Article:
For Some Rural Teens, Psychiatric Help Is Now Just a TV Screen Away

Many U.S. states are facing a severe shortage of psychiatrists, according to the American Academy of Child and Adolescent Psychiatry (AACAP). Psychiatrists and mental health advocates say America today needs more than 30,000 child and adolescent psychiatrists, and has only 8,300—and the need appears to keep rising.

Advocates have long scrambled for solutions to the problem: increase funding for clinics; expand loan-forgiveness programs so medical students might be encouraged to go into child psychiatry; increase the number of psychiatric beds in hospitals; and expand telehealth. Read more ›

CHC Launches Mental Health Initiative for Teens — Expands Affordable Teen Therapy, Community Education and Engagement

Media Contact: 

Micaelia Randolph, 707-933-7332, mrandolph@chconline.org
Yvonne Wolters, 650-867-7929, gbheron@mac.com

Palo Alto, CA July 29, 2016 — Children’s Health Council (CHC) today launches the CHC Teen Mental Health Initiative, focused on teen anxiety, depression and suicide. The CHC Teen Mental Health Initiative is an integrated program of community engagement, mental health education and affordable teen therapy, all aimed at preventing teen suicides and increasing the mental wellness of teens. The CHC Teen Mental Health Initiative will include comprehensive mental health education for parents, teens and schools to raise awareness of mental health issues, remove the stigma around discussing them, and educate the community about signs and symptoms of anxiety, depression and suicide for earlier identification and intervention. Read more ›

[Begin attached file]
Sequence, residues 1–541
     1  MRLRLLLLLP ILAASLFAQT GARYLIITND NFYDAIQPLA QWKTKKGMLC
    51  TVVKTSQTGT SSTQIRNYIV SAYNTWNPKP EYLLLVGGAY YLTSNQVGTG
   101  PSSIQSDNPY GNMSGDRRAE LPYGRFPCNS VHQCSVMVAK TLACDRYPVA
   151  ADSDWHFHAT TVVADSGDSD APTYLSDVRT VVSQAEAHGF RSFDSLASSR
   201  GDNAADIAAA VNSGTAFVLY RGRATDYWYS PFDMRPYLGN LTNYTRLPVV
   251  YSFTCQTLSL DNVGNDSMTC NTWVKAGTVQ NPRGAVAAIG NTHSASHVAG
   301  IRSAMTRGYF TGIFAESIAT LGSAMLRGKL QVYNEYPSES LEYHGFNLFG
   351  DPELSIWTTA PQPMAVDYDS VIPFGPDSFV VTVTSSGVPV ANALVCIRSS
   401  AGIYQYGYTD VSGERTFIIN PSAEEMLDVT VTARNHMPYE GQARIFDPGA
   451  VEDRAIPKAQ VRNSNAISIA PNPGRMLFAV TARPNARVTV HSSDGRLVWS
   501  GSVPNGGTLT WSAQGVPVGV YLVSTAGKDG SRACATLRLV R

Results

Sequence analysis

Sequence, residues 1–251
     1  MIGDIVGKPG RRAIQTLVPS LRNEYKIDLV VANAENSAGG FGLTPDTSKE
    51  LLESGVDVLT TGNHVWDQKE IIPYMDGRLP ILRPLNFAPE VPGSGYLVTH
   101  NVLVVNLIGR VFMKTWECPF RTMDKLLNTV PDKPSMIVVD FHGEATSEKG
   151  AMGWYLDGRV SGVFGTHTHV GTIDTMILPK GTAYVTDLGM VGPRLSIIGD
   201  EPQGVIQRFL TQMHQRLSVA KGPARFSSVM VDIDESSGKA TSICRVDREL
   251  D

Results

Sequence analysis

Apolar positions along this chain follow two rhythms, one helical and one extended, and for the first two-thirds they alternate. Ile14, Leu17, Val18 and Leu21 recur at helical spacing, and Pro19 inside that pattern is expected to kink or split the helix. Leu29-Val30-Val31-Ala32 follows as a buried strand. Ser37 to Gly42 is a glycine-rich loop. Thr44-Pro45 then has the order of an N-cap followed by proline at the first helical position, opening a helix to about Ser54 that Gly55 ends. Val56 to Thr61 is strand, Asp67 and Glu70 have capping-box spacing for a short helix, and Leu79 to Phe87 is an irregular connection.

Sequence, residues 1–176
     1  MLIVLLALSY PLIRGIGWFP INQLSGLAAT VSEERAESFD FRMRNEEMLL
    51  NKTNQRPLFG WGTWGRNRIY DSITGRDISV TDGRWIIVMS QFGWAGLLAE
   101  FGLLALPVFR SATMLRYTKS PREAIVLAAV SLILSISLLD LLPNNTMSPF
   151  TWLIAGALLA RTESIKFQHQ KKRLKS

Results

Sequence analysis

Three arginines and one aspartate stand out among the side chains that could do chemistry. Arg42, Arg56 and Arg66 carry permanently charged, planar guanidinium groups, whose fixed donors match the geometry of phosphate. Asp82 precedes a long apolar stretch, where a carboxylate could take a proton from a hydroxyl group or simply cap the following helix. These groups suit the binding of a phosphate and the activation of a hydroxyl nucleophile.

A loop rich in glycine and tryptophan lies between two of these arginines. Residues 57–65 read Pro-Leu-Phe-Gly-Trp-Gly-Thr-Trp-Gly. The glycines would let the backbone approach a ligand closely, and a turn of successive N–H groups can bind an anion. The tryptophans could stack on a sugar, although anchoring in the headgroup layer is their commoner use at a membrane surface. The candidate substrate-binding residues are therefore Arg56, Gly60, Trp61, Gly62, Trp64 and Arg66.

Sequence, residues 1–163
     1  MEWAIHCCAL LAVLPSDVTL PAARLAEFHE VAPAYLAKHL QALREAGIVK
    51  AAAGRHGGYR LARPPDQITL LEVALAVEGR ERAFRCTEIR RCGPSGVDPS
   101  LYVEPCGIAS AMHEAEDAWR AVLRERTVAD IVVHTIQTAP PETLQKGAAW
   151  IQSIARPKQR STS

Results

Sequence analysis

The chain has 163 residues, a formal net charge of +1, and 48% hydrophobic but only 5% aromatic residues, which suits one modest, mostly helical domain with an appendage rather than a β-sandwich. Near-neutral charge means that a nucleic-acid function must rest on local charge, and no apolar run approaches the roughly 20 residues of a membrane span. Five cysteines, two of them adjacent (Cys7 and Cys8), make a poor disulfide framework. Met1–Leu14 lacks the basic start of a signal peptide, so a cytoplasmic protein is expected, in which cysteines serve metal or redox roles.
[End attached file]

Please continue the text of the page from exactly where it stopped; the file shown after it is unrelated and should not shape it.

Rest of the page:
Gunn Grad Leads Local Crisis Text Line Effort

Libby Craig, a Palo Alto native and Gunn High School graduate, spent four hours every Sunday night for several months this year as a volunteer crisis counselor for Crisis Text Line, a free, confidential, 24/7 support service accessible nationwide by simply texting the number 741741. Recently, she joined the nonprofit organization full time and is leading Crisis Text Line’s efforts to grow the service in the Bay Area, in part in response to the youth suicide clusters in her own hometown. Read more ›

Epi-Aid Preliminary Report on Youth Suicide